BC Hydro is the largest producer and distributor of electricity in British Columbia, meeting the energy needs of 1.8 million customers. BC Hydro serves nearly the entire province, with the exception of Kootenay, where FortisBC provides electricity service to 213,000 customers, and the City of New Westminster, which operates its own municipal utility.
The utility owns and operates 32 hydroelectric generation facilities, and three natural gas thermal power plants, producing up to 54,000 gigawatt-hours of electricity per year. The province’s electricity is delivered via more than 18,000 kilometres of transmission lines, and another 55,000 kilometres of distribution lines.
BC Hydro does not set its own electricity rates. It is regulated by the British Columbia Utilities Commission, which sets BC Hydro’s rates, and has a mandate to generate, purchase, distribute, and sell electricity.
The History of BC Hydro
BC Hydro has its roots in the BC Electric Company, which was originally founded as the British Columbia Electric Railway in 1897. Operating in Vancouver, Victoria, and New Westminster, the private enterprise generated power for its railway and public lighting operations with coal-fired steam plants. This later gave way to hydro plants at Buntzen Lake and Stave Lake. BC Electric grew to become the largest private electric company in British Columbia.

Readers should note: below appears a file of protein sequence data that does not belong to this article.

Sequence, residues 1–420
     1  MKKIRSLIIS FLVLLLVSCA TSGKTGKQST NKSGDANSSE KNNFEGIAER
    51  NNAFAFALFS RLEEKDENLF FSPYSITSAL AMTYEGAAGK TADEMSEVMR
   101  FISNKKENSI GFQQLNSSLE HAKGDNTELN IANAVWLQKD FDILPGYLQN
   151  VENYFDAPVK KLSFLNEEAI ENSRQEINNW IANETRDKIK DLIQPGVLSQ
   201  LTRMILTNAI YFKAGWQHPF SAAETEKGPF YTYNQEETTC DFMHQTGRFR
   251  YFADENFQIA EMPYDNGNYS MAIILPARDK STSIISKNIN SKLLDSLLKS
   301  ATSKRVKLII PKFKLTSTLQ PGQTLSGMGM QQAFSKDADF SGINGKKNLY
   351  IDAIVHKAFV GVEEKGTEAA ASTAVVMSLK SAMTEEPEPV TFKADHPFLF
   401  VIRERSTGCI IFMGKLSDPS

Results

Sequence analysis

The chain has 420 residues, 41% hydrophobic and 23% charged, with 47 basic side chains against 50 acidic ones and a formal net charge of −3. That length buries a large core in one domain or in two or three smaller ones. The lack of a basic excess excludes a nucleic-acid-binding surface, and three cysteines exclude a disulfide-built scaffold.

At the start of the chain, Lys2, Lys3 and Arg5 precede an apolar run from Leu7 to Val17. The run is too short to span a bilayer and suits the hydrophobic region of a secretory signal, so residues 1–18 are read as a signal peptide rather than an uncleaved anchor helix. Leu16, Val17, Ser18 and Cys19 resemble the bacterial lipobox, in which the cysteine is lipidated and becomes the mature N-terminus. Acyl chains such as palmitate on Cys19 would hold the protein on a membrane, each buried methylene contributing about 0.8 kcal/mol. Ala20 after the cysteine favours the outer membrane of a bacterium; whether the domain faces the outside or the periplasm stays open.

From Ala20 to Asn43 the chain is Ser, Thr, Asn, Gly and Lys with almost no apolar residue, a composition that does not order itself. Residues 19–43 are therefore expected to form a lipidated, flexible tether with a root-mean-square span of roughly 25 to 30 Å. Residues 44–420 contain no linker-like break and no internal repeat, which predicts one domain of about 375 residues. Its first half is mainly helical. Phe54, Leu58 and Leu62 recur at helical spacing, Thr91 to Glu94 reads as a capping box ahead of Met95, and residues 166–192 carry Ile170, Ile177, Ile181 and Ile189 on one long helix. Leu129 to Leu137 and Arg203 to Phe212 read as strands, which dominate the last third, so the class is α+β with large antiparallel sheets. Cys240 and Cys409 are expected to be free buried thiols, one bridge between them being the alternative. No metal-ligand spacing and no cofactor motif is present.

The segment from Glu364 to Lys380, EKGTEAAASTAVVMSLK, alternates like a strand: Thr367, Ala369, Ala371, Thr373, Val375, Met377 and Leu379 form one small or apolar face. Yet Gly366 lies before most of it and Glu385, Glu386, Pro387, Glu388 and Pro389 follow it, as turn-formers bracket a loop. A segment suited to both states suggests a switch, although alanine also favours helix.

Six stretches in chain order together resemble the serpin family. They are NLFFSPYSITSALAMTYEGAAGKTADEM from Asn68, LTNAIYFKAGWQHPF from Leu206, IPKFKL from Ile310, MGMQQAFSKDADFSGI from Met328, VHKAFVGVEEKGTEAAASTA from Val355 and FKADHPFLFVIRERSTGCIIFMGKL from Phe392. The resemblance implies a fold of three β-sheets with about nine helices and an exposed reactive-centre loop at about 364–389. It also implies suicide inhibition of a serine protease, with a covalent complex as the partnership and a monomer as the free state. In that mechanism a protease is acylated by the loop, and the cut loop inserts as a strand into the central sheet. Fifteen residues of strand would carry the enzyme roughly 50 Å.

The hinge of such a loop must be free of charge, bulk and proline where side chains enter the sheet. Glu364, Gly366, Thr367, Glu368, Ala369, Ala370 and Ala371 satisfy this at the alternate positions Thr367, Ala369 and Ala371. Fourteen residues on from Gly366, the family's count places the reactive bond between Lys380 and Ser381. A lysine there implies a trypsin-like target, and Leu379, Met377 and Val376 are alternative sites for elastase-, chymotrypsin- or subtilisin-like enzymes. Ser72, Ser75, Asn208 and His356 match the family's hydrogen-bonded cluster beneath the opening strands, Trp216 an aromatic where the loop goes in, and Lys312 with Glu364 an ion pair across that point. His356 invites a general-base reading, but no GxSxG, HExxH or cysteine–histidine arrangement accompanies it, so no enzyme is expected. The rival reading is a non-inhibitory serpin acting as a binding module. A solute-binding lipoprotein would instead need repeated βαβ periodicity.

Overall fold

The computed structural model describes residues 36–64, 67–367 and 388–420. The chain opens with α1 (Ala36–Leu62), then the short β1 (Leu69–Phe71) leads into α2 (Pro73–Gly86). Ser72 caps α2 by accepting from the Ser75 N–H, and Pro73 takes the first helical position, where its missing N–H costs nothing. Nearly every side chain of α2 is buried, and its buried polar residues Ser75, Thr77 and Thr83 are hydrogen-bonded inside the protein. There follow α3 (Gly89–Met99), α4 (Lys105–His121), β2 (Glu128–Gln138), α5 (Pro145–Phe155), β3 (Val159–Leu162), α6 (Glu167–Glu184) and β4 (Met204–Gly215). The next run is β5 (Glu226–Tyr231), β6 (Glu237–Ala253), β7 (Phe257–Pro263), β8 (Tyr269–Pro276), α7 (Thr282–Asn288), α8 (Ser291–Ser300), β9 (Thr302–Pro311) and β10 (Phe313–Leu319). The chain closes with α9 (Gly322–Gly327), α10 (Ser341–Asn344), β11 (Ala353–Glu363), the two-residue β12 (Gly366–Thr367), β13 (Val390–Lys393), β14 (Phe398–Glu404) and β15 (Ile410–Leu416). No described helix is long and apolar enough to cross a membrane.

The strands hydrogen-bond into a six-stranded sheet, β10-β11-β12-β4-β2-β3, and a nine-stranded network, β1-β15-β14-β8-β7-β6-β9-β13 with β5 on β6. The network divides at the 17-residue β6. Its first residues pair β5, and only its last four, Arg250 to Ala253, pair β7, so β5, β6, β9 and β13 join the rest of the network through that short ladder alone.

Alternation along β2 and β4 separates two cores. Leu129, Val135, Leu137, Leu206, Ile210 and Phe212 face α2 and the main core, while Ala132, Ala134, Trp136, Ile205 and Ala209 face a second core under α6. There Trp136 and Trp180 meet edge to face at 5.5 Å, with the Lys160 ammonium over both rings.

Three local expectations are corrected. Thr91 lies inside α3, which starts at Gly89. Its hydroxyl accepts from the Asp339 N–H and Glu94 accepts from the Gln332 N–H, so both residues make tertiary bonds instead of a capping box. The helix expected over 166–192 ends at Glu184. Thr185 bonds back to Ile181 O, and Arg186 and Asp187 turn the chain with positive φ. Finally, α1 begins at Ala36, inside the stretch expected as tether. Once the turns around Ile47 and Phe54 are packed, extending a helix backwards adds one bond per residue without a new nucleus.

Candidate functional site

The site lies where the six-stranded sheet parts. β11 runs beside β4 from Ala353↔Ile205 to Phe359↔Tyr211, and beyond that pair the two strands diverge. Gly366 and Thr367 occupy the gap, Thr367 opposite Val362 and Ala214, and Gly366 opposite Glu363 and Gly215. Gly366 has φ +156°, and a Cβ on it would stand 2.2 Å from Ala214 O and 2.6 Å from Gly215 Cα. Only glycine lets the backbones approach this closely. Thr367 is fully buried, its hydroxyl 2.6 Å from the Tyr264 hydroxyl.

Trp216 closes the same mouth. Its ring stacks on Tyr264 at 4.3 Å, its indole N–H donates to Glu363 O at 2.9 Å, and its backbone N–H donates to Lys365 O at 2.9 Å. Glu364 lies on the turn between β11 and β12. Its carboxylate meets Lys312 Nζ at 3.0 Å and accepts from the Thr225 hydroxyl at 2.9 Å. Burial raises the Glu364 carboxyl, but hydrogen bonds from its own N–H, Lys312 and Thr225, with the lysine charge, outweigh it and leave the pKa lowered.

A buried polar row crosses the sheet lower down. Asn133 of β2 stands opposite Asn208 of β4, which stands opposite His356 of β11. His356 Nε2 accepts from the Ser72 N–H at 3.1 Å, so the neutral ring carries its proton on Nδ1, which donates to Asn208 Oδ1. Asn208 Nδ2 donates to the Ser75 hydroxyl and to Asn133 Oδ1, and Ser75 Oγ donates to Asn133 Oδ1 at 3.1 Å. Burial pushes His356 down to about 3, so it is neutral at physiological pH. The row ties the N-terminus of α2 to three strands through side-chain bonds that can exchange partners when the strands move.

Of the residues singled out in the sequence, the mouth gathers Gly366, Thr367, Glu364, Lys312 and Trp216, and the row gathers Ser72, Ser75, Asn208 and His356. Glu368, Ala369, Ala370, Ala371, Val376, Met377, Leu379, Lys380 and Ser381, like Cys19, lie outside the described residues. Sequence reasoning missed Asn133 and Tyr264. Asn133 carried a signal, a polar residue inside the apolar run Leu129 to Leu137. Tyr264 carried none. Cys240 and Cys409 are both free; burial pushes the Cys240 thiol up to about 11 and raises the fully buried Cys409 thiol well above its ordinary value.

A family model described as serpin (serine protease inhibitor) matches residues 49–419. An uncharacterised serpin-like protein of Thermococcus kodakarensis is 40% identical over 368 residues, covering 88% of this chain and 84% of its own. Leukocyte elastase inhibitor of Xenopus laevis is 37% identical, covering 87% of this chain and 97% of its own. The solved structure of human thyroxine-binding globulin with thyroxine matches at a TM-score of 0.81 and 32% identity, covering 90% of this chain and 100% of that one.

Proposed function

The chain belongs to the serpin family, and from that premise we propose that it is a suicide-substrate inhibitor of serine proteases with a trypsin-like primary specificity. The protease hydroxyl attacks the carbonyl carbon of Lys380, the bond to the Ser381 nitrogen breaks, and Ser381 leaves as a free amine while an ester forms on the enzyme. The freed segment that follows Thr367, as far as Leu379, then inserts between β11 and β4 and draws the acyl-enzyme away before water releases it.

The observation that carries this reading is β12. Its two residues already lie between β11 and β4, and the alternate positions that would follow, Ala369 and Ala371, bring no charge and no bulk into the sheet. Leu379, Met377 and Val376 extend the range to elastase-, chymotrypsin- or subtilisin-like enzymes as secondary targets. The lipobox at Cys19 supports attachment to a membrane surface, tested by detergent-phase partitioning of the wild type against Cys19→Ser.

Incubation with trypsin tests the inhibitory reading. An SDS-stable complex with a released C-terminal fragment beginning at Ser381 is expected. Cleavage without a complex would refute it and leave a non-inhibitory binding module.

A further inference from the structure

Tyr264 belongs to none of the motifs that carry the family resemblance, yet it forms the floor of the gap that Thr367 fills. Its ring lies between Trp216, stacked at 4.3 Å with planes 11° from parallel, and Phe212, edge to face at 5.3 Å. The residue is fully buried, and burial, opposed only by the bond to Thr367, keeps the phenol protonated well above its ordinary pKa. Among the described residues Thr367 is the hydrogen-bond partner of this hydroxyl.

In 1945, the BC Power Commission was established by the Electric Power Act, with the mandate of extending the reach of electrical infrastructure to communities beyond the reach of commercial companies. The Commission was intended to fulfill this mandate by purchasing and combining smaller private companies and their facilities across the province. Ultimately, by the 1950s, this had resulted in two electricity providers providing for British Columbia’s electricity needs—the publicly owned and operated BC Power, and the private BC Electric Company.
With the death of BC Electric Company’s president Dal Grauser in 1961, the province of British Columbia passed legislation which converted BC Electric from a private firm to a crown corporation. The company was then renamed BC Hydro. The operations of the BC Power Commission were folded into those of BC Hydro, with the newly amalgamated utility operating under the new name.